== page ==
The elderly in the family, particularly those found with age-matching physical fitness and having lived a life of fulfilment in Mysuru of years gone-by, could be heard reminding the young members of the family on the threshold of adulthood about the imperatives and importance of industriousness as the hallmark of a person. Their crisply stated prescription that no person should be idling, with the words Udyogam Purushalakshanam, is considered to be quaint expression only because earning a livelihood is no longer restricted to males in society. The debate on the issue of industriousness as applied to males and females seems to be limited to urban populations given its irrelevance in rural parts witnessing the conspicuous presence of industrious females both within the confines of their homes and out in the fields, outnumbering the males tilling the soil using the plough, and females taking over the rest of the tasks — transplanting, harvesting, winnowing, sorting to separate grains and dockage, cooking and serving food. In short, rural women have pre-empted the unknown author of the aforementioned quaint expression.
Parents spending their resources in the stages of upbringing and educating their children with the avowedly main goal of grooming them to be adults capable of standing on their own legs as it were are currently staring down the barrel in the backdrop of a) industry circles saying that the University graduates are not employable and b) abrupt decline in opportunities in the job market even in the IT sector.
The society is beholden to the thousands of young men and women, as in Mysuru, Bengaluru and many other towns in Karnataka as well as other States across the country, for launching themselves on many new-found enterprises, with the setting up of roadside mobile canteens in numbers never seen anytime before being at the top, yet, this mass of good Samaritans is in the unorganised category, thus unable to reap any monetary and other benefits that the workforce in the organised category commands (allowances, provident fund, paid leave, medical care, post-retirement benefits and so on). The sad story also applies to the thousands of vendors of essentials, particularly vegetables at day break, who are at the mercy of blood-thirsty middlemen (commission agents).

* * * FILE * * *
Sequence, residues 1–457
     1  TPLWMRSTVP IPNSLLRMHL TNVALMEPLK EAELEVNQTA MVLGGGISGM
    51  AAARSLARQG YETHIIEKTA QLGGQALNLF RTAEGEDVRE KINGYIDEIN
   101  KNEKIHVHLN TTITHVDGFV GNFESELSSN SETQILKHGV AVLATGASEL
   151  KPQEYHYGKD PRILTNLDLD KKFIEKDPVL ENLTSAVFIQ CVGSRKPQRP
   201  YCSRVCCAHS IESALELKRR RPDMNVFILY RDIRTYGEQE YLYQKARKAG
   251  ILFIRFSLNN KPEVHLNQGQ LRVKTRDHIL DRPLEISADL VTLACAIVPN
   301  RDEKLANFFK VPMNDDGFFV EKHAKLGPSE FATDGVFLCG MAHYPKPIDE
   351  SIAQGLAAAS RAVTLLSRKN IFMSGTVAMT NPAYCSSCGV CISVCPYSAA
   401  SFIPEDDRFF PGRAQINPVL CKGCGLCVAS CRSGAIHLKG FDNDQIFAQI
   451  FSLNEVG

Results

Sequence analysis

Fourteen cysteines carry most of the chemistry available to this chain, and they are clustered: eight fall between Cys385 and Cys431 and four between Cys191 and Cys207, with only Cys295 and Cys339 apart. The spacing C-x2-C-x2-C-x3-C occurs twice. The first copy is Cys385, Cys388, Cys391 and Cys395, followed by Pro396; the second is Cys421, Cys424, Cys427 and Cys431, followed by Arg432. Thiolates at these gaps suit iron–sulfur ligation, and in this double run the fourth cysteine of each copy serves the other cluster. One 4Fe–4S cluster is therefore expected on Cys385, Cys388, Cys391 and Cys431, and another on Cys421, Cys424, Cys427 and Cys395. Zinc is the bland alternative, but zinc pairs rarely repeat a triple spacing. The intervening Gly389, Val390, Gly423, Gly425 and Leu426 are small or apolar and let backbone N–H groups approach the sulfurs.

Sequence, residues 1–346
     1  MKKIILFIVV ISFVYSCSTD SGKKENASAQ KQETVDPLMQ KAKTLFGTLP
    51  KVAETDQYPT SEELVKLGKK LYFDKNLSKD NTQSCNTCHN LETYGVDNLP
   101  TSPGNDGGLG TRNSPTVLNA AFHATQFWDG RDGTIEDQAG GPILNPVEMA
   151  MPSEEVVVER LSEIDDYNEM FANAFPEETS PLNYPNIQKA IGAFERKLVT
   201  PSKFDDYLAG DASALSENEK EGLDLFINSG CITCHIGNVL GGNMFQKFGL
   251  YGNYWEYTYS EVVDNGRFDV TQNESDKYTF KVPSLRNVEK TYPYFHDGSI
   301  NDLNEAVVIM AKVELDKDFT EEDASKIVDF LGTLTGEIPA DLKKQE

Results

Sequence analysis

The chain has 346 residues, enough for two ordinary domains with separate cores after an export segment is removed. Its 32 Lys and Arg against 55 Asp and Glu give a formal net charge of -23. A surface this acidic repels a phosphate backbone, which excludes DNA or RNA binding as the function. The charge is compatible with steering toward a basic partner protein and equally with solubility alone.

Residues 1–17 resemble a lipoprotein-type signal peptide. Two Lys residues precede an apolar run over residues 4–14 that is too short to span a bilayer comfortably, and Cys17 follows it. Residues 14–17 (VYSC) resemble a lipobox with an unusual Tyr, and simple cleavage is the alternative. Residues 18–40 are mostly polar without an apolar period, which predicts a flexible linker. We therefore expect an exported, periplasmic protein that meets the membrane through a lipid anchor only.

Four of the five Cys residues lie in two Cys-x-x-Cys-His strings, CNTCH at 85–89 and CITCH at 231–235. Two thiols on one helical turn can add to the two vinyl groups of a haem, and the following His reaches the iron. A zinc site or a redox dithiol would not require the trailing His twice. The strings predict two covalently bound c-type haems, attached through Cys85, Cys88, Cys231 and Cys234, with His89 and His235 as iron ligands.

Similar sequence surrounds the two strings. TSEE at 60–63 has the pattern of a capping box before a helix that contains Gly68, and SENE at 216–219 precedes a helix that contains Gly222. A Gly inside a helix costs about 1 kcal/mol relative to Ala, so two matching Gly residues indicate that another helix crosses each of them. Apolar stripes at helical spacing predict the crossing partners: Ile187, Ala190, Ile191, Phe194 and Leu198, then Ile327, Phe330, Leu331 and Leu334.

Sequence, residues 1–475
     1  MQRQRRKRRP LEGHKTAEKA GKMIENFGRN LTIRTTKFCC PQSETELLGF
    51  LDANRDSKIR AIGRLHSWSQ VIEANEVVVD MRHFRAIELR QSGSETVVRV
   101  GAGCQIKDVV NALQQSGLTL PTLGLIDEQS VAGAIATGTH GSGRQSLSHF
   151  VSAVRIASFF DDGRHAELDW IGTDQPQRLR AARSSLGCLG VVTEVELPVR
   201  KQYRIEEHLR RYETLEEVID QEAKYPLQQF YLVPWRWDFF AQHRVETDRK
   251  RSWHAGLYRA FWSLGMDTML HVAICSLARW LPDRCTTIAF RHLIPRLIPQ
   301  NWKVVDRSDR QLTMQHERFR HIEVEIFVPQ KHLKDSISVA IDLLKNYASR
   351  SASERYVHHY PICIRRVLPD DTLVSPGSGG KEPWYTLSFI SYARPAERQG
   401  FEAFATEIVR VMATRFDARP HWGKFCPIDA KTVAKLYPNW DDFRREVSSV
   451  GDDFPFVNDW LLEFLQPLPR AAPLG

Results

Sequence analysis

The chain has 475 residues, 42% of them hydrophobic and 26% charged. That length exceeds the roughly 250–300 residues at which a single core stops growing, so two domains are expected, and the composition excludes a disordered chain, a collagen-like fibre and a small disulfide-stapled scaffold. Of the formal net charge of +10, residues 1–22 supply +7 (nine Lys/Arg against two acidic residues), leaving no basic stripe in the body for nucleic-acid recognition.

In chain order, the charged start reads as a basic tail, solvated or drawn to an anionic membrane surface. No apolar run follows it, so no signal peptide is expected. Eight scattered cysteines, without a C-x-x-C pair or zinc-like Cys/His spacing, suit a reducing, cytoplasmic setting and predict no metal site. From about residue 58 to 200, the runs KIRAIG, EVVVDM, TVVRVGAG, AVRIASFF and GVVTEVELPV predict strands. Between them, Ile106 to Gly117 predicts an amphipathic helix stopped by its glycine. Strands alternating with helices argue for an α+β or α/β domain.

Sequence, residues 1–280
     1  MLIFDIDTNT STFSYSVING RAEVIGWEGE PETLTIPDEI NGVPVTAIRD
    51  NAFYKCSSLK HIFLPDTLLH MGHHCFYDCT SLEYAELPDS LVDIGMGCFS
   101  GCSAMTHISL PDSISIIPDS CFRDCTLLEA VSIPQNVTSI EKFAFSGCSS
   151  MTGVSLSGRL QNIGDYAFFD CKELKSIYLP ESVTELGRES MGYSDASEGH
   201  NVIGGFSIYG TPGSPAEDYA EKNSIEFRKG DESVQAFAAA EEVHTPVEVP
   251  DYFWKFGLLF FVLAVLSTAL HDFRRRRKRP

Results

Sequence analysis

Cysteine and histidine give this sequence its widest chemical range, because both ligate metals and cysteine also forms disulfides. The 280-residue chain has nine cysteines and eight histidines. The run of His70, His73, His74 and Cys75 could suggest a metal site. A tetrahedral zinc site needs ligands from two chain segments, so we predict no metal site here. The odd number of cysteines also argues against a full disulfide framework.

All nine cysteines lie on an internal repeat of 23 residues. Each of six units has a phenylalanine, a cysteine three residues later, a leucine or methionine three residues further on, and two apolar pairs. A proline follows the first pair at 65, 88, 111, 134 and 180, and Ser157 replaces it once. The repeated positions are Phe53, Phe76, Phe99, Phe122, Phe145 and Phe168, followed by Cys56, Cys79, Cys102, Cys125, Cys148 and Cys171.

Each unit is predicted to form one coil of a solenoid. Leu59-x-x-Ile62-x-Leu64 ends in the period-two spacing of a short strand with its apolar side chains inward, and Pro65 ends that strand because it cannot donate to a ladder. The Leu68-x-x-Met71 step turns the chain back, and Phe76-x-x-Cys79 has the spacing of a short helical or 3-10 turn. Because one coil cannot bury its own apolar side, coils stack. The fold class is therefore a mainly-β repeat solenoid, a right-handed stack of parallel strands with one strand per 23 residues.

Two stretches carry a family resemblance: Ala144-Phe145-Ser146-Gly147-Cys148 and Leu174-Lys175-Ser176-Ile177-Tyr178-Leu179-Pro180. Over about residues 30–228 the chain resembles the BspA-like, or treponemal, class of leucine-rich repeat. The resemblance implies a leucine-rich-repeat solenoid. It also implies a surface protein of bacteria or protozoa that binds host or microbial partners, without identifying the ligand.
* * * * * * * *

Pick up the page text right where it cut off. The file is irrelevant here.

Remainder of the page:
In the foregoing backdrop, the reported call given by the Union Finance Minister to financial institutions, banks including the National Bank for Agriculture and Rural Development to come forward in funding the unfunded, self-employed sections meeting the needs of society, augurs well. While some motivated individuals are already in the noble act of encouraging enterprise, more people have to emulate them.